Geraniums are beautiful in the summer, but they won't last outside after the first frost. There are several ways to bring them indoors for the winter, and get a head start on planting geraniums next spring. Plus, you'll be saving money!
Produced by the Department of Communications at Kansas State University. For more information, visit our website at: http://www.kansasgreenyards.org
Digging up geraniums to keep over the winter is easy to do. First, we go all the way around, dig it up, and carefully lift it out. Next, pull off all the old, dead flowers and leaves, and clean it up. Then, put a little growing media in the bottom of the pot because you don’t want to plant it too deep. Take the plant, get all the roots in and spread them around uniformly around the pot. Fill it up the rest of the way with the media. Bring the plant up, so it’s not planted too deep, and press it down. As you pack the soil around the roots, it will pack down to leave a reservoir in the top of the pot for water.
Then, if you have a sun room, or a sun porch, or even a garage that’s attached to the house where it doesn’t freeze, and just set them in there, with minimal water (just enough to keep them alive, but not enough to encourage growth) and you can hold them through the winter in a pot, and then plant them in the garden next spring.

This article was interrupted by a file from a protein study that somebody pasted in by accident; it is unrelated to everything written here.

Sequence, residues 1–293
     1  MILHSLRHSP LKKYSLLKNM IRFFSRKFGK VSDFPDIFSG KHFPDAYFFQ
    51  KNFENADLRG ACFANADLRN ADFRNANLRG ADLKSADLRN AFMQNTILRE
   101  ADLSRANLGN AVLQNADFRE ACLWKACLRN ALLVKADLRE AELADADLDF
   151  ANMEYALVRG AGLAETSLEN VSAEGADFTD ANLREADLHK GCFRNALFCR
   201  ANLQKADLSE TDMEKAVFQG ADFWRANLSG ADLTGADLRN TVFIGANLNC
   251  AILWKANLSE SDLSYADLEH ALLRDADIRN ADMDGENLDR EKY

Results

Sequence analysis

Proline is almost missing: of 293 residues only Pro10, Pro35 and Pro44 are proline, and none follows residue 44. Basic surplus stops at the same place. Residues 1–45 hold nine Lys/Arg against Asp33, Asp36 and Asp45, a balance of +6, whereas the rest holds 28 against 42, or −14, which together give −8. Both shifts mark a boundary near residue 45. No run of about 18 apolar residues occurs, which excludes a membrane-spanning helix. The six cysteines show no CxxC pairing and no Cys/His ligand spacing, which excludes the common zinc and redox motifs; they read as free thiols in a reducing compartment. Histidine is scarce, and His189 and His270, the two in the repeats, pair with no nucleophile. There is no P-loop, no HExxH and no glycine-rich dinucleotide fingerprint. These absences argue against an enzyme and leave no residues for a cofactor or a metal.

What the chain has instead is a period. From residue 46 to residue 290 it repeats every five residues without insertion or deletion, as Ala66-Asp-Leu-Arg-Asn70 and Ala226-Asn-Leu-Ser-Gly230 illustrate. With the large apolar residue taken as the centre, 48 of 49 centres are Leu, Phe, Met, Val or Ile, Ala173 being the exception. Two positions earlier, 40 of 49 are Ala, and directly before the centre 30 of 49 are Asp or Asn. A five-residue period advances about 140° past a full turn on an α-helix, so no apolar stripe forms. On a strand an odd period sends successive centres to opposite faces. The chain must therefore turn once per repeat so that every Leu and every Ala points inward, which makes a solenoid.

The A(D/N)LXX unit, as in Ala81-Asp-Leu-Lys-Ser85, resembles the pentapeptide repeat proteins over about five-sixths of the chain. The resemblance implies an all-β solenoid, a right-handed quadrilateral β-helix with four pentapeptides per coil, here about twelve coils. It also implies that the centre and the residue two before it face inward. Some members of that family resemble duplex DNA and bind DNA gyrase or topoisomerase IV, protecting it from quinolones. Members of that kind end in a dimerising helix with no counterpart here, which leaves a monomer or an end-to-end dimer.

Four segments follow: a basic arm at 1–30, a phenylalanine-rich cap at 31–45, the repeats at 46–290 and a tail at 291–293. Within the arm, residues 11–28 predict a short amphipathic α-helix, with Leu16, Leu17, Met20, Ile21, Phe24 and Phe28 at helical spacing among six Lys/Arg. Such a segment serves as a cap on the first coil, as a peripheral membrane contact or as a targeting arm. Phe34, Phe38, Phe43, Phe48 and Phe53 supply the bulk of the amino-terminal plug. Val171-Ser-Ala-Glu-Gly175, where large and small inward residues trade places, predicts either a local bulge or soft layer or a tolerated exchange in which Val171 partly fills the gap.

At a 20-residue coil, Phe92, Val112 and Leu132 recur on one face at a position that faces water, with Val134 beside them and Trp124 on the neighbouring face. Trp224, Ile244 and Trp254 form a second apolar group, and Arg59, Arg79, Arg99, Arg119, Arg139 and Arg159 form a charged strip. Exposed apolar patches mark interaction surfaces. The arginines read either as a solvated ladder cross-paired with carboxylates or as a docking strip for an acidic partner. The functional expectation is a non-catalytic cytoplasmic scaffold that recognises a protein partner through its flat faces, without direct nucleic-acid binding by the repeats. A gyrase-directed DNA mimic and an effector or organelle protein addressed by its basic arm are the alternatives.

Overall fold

But, if you’re just going to knock the soil off the roots, and bare root them, you’ll just reach down around the base and pull the plant up. Retain a little bit of the root, but you don’t have to have as much root as the other method. You’ll take about one-half to two-thirds of the leaves off. Make sure there are no flower buds. So, if you’re going to bare-root the plant and hang it up, it will look like this.
n a cool, damp, dark environment such as a basement, hanging upside down bare-root, they’ll survive the winter, and about two out of three plans will grow again. When you plant them out in the spring, you’ll cut them back, and plant them, and they’ll grow. That’s the old-fashioned way, but it is effective. You won’t save one hundred percent, so just dig more than you think you’ll need, and hang them up. It seems to work well if you have a basement, and if you have a root cellar, it’s even better.
This feature story prepared with Alan Stevens, retired Kansas State University Research and Extension State Leader, Horticulture. For more information, visit your local county extension office or visit our website at KansasGreenYards.org.